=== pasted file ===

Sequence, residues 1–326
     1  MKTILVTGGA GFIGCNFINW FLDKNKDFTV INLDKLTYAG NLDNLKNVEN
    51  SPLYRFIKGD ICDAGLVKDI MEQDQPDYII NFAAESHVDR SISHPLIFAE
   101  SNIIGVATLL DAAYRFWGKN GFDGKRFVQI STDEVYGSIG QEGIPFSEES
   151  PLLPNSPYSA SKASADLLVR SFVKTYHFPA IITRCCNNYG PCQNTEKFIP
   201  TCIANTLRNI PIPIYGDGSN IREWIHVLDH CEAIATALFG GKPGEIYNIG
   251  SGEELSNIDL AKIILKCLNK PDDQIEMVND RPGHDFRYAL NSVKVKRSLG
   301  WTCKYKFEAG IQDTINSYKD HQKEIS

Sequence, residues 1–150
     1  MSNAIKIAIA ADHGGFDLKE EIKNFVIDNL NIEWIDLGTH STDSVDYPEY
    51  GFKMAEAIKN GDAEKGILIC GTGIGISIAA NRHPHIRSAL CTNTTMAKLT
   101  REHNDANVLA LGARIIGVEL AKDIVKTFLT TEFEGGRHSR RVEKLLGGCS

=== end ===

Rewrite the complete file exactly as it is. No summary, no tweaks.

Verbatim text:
Sequence, residues 1–326
     1  MKTILVTGGA GFIGCNFINW FLDKNKDFTV INLDKLTYAG NLDNLKNVEN
    51  SPLYRFIKGD ICDAGLVKDI MEQDQPDYII NFAAESHVDR SISHPLIFAE
   101  SNIIGVATLL DAAYRFWGKN GFDGKRFVQI STDEVYGSIG QEGIPFSEES
   151  PLLPNSPYSA SKASADLLVR SFVKTYHFPA IITRCCNNYG PCQNTEKFIP
   201  TCIANTLRNI PIPIYGDGSN IREWIHVLDH CEAIATALFG GKPGEIYNIG
   251  SGEELSNIDL AKIILKCLNK PDDQIEMVND RPGHDFRYAL NSVKVKRSLG
   301  WTCKYKFEAG IQDTINSYKD HQKEIS

Sequence, residues 1–150
     1  MSNAIKIAIA ADHGGFDLKE EIKNFVIDNL NIEWIDLGTH STDSVDYPEY
    51  GFKMAEAIKN GDAEKGILIC GTGIGISIAA NRHPHIRSAL CTNTTMAKLT
   101  REHNDANVLA LGARIIGVEL AKDIVKTFLT TEFEGGRHSR RVEKLLGGCS